340395477644217907.jpg
Image courtesy of publisher's website.
y Singing the Coast single work   prose  
Issue Details: First known date: 2010 2010
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AbstractHistoryArchive Description

'Most Australians live on the narrow coastal strip that fringes our island continent. For Aboriginal people a place comes into being each time it is sung, and it is through this process that places are learned about and cared for. These songs can be for all of us, in the places where Aboriginal stories are rapidly overwritten with grids of roads and towns.

Together Perkins and Somerville explore one coastal group's experience in maintaining the stories and songs of their country: Perkins' Gumbaynggirr homeland in mid-north coast New South Wales. These stories and songs are unique in their particularities, yet universal in their sense of knowledge, understanding and openness to sharing.

By taking up the metaphor of singing to capture a quality of voice, Perkins and Somerville show us how to share the land and its stories throughout Australia.' (From the publisher's website.)

Notes

  • Dedication: For Gumbaynggirr people past and present who inhabit No Mans Land differently.
  • Includes transcriptions (in story and poetry form) of the oral traditions of the Gumbayngirr people.

Publication Details of Only Known VersionEarliest 2 Known Versions of

    • Canberra, Australian Capital Territory,: Aboriginal Studies Press , 2010 .
      340395477644217907.jpg
      Image courtesy of publisher's website.
      Extent: xiv, 240p., [16]p. of platesp.
      Description: illus., map, ports
      Note/s:
      • Contains brief comments by Gary Foley, Deborah Bird Rose, Dr Greg Blyton and Dr Barry Morris.
      • Includes index and bibliography.
      • Includes notes on language.
      ISBN: 9780855757113 (pbk)

Works about this Work

The Poetics of Weather / Studies in Creativity Kim Satchell , 2013 single work criticism
— Appears in: TEXT Special Issue Website Series , October no. 20 2013;

'In this essay, I consider the poetics of the weather and studies in creativity, as a site to develop emplaced relations for a multi-species sense of place and research methods for place-based inquiry. I take up the theme of this TEXT Special Issue, ‘Writing creates ecology: Ecology creates writing’ as a conversation seeking generative responses to current dilemmas in terms of both ecology and higher learning. The context of the broader conversation sustains a personal inquiry that is quite specific and particular. The relationship I have to the work and that, to which it speaks, is intimate and lived. The themes woven into the piece are in tension with an individual and collective responsibility to respond to the more-than-human world in ecological crisis. The work is in progress, speculative and open-ended; I embody the work not merely as another project but as seeking a manner of life to live. The focus of these concerns can be summarised as revolving around varied forms of attention, modes of inquiry and modes of address. The material is accumulative and accretive, predicated upon the continuity of self-directed field and archival work, undertaken in the form of experimental philosophy, creative writing and living.The manner of writing is multimodal, non-linear, fractal, writing ecology as the resonance of a place from which the ecology emerges in the writing, reliant upon a recursive and synergistic recollection of fragments, shards, uneven and jagged pieces to formulate a whole. The ecological imagination at work morphs into a substantive form of creativity, as an everyday practice making sense and making art, as ecology and as cultural memory.' (Author's abstract)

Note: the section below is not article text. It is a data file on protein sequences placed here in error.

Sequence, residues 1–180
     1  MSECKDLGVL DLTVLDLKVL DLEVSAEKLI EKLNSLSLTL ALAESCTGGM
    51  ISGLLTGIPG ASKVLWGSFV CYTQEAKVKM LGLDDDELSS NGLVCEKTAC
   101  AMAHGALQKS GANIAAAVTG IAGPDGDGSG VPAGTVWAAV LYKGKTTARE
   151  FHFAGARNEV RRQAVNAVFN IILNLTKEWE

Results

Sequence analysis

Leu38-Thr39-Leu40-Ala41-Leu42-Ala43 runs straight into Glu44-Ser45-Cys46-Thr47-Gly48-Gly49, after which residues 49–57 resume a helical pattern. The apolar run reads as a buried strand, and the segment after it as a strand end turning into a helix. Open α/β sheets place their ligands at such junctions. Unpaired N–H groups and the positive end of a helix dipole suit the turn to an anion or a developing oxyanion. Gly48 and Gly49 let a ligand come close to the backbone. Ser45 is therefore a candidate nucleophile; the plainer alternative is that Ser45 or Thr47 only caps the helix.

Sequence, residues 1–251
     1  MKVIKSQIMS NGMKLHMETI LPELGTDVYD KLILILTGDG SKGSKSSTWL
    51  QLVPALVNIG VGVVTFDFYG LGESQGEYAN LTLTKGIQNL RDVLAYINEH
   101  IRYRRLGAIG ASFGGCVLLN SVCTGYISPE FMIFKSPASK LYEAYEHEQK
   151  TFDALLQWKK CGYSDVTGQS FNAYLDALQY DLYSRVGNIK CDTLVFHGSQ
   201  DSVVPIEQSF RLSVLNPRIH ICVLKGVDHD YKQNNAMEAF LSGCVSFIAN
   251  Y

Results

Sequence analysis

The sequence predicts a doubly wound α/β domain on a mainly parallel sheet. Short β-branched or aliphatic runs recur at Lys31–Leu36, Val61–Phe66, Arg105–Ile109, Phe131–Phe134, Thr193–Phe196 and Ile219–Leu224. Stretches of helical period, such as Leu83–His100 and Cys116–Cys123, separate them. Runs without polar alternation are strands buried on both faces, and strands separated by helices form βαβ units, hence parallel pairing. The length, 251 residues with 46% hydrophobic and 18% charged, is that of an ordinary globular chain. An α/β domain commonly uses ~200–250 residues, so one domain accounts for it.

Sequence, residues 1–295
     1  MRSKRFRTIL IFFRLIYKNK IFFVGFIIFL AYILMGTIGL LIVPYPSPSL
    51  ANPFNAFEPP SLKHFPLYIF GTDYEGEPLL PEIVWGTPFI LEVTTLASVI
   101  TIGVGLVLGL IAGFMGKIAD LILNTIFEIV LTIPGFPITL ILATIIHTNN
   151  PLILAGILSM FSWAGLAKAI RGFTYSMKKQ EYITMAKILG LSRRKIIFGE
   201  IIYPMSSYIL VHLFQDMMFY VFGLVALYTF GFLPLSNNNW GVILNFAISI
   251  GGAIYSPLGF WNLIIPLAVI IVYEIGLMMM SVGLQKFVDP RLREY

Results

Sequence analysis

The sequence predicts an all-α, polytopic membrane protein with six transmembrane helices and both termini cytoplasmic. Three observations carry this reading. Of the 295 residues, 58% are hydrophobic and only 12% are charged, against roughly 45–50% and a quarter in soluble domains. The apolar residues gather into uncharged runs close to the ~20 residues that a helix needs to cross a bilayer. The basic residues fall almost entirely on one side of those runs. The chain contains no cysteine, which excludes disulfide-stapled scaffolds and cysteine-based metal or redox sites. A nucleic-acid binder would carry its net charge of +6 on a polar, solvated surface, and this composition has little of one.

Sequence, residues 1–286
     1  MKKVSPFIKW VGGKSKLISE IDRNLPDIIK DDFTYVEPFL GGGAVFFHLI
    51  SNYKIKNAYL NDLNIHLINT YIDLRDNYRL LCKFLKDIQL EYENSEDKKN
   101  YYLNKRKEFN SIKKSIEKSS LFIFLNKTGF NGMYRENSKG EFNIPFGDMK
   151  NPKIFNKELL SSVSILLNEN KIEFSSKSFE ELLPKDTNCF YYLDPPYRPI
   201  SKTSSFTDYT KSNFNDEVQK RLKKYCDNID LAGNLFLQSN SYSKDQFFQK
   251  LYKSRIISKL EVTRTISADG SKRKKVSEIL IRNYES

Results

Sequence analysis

Sing Me Byron Bay Kim Satchell , 2012 single work criticism
— Appears in: Continuum : Journal of Media & Cultural Studies , vol. 26 no. 2 2012; (p. 249-259)
'The stories of everyday life traverse the crossroads of perception and experience. They give voice to the inner contours of a reflected cosmos whose whirls they follow. They undulate with the moving world in which they seek to live, survive and know intimacy. Stories are the navigations of people whose vulnerabilities plumb unknown depths, whose sea anchors seek to moderate the tumultuous events and circumstances of life. On occasion, they surf as a slide of supreme pleasure. The narratives they follow and the spaces they embody are critical to any understanding of the conditions of everyday life, including the daily life of academics. In the context of this paper, creative research practice offers an emergent form of cultural studies, engaging the world in more descriptive and speculative terms.' (Author's abstract)
Untitled Zora Simic , 2012 single work review
— Appears in: Journal of Australian Studies , June vol. 36 no. 2 2012; (p. 261-262)

— Review of Singing the Coast Margaret Somerville Tony Perkins 2010 single work prose
Untitled Pauline Curby , 2011 single work review
— Appears in: Reviews in Australian Studies , vol. 5 no. 2 2011;

— Review of Singing the Coast Margaret Somerville Tony Perkins 2010 single work prose
Connecting Histories Terri-Ann White , 2011 single work review
— Appears in: History Australia , vol. 8 no. 2 2011;

— Review of Singing the Coast Margaret Somerville Tony Perkins 2010 single work prose